Beesource Beekeeping Forums banner

1 - 5 of 5 Posts

·
Registered
Joined
·
914 Posts
Discussion Starter · #1 ·
Hi all!

Super strange winter here...never seen this happen ever before :scratch: [but I have only been keeping honey bees for 3 years]...

Opened up all colonies today and came across some amazing discoveries...:eek:

These discoveries occurred at one of our bee yards that is surrounded by thousands of Eucalyptus trees...

1. Massive build up...as in overnight and I have never seen this during winter months [placed a sugar brick yesterday, nearly gone this morning with large amounts of the fresh bright white comb built overnight].
2. Queens laying like crazy...like a darn machine gun [is this called a false start]?
3. Live drones with fresh drone cells.
4. Some colonies building up so fast we gotta add supers in the next day or two.
5. Massive foraging flights with returning bees with pollen sacs filled to the over flow...

My questions:

1. Why would our ******** eucalyptus trees bloom in January instead of the normal May-June bloom? For the last 6 years they always bloomed in May-June with no blooms at all in Dec/Jan.
2. How soon will drones congregate for mating purposes?
3. How can we know it is time to successfully graft queen cells?
4. Anyone else nearby experiencing this too?

Last, we plan on moving another entire bee yard here because at that bee yard [approx. 20 miles away] every single colony is like sleeping...no build up at all and very little flying! No bloom there at all too.

Would 1-3 weeks make a huge difference [is it really worth it to move them] before taking them to the almonds?
 

·
Registered
Joined
·
397 Posts
Hi all!

My questions:

1. Why would our ******** eucalyptus trees bloom in January instead of the normal May-June bloom? For the last 6 years they always bloomed in May-June with no blooms at all in Dec/Jan.
2. How soon will drones congregate for mating purposes?
3. How can we know it is time to successfully graft queen cells?
4. Anyone else nearby experiencing this too?


Would 1-3 weeks make a huge difference [is it really worth it to move them] before taking them to the almonds?
Eucalyptus is an evergreen tree which will respond to moisture. I kind of follow California rainfall and I know there have been some good rains this fall and winter as opposed to last year's minimal rain. IOW, in your mild climate, they have responded to the rain by blooming. Same thing is happening here. Irrigated deciduous trees are less erratic in their bloom.

Almonds start what, in a week? Bees might benefit from the move; however, it's your time and labor. If there are drones and the bees are making wax it is not too early to graft from the booming hives. I'm not nearby. Some of my bees are strong enough for queen rearing while others, in a different area, are not, fwiw. Like you, I might be better off to wait for a month or 6 weeks to raise queens.
 

·
Registered
Joined
·
914 Posts
Discussion Starter · #3 ·
Eucalyptus is an evergreen tree which will respond to moisture. I kind of follow California rainfall and I know there have been some good rains this fall and winter as opposed to last year's minimal rain. IOW, in your mild climate, they have responded to the rain by blooming. Same thing is happening here. Irrigated deciduous trees are less erratic in their bloom.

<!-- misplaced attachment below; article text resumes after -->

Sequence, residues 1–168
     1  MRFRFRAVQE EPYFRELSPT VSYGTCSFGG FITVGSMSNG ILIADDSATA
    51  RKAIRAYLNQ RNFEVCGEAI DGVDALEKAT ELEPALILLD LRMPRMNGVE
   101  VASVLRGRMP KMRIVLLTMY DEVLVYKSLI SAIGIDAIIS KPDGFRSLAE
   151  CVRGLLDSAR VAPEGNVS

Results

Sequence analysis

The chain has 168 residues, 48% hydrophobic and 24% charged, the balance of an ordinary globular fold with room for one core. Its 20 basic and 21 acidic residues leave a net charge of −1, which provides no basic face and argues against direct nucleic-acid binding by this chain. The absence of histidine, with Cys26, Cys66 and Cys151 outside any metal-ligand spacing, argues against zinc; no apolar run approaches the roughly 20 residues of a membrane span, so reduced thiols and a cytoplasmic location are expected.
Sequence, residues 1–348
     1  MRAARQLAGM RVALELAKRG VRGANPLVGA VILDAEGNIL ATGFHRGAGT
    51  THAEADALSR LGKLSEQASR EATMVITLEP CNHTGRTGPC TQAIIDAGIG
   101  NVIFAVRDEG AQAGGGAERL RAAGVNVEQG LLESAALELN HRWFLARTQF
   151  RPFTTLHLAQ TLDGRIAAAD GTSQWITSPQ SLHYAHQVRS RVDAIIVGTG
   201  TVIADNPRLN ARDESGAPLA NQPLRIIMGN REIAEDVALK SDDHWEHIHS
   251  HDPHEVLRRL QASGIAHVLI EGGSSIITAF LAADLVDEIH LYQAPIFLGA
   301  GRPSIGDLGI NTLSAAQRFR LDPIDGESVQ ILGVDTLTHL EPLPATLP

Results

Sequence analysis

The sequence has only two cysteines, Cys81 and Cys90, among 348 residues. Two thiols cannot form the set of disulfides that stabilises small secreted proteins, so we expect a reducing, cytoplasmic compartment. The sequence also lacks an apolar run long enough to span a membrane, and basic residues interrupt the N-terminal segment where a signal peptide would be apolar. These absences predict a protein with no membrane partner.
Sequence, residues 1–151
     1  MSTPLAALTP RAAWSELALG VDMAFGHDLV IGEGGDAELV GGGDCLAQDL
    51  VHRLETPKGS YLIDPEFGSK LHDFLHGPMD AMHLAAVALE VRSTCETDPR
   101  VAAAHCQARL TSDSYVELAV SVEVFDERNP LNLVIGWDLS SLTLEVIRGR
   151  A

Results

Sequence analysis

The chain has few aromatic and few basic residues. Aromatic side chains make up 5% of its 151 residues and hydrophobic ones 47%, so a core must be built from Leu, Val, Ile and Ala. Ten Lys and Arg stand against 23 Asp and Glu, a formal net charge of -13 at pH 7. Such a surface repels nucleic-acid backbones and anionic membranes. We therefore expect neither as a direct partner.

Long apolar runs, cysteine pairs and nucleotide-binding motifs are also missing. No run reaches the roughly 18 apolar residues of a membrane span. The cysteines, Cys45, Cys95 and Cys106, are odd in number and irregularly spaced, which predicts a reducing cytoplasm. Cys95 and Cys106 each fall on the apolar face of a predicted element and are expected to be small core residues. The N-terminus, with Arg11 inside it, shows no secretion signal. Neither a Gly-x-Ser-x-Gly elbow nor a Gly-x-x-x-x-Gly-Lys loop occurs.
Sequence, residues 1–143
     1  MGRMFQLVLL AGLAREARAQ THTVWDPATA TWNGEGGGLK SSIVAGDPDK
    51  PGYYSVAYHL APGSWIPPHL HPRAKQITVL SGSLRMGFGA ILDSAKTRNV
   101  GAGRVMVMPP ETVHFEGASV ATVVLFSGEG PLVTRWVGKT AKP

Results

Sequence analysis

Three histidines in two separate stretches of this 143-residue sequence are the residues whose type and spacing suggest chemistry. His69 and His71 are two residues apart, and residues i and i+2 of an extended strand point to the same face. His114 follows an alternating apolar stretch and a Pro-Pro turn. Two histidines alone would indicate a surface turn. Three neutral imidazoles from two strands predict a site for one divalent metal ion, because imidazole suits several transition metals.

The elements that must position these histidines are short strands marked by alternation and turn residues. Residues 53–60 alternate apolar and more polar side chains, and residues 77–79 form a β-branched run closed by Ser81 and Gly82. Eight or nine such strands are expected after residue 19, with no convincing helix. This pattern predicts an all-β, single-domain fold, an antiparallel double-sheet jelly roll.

Almonds start what, in a week? Bees might benefit from the move; however, it's your time and labor. If there are drones and the bees are making wax it is not too early to graft from the booming hives. I'm not nearby. Some of my bees are strong enough for queen rearing while others, in a different area, are not, fwiw. Like you, I might be better off to wait for a month or 6 weeks to raise queens.
Gino,

That sure makes a lot of sense. We had that 5 year extreme drought and that may have also thrown off the eucalyptus bloom cycle.

I will continue to carefully monitor our colonies in the hope of accurate choosing the correct time for queen rearing.

Thanks again for sharing your insights!
 

·
Registered
Joined
·
746 Posts
Checked some hives in Marin and they're starting to take off as well. I too saw drone comb, surprised to see it in January. With another week or so of sun ahead they're just gonna get bigger... though I fear a wet February that could lead to colony starvation if they get too big. I don't have a lot of eucalyptus around so am not seeing a lot of honey storage.
 

·
Registered
Joined
·
914 Posts
Discussion Starter · #5 ·
Checked some hives in Marin and they're starting to take off as well. I too saw drone comb, surprised to see it in January. With another week or so of sun ahead they're just gonna get bigger... though I fear a wet February that could lead to colony starvation if they get too big. I don't have a lot of eucalyptus around so am not seeing a lot of honey storage.
Bison,

We saw such a large explosion of honeybee growth here that we raced to our other bee yards and brought every colony here. Wish I had seen it sooner!

Within a 24-48 hour period most colonies went from near hibernation/sleeping/lack of activity to gang busting activity: large amounts of bright white comb, large amounts of pollen, queens laying like crazy and nectar coming in strong too. If the rain will hold off for a couple of more weeks, we may be able to begin super early queen grafting.

I think the bees are thinking spring is already here!

We plan on taking most of these colonies to the almond orchards in two weeks, so starvation should not be an issue...

Anybody know if it is a good idea to keep sugar bricks on while in almond orchards? I have never done this before...and I think I remember reading somewhere that most of what comes in during almond pollination is pollen and not nectar...is it true?
 
1 - 5 of 5 Posts
Top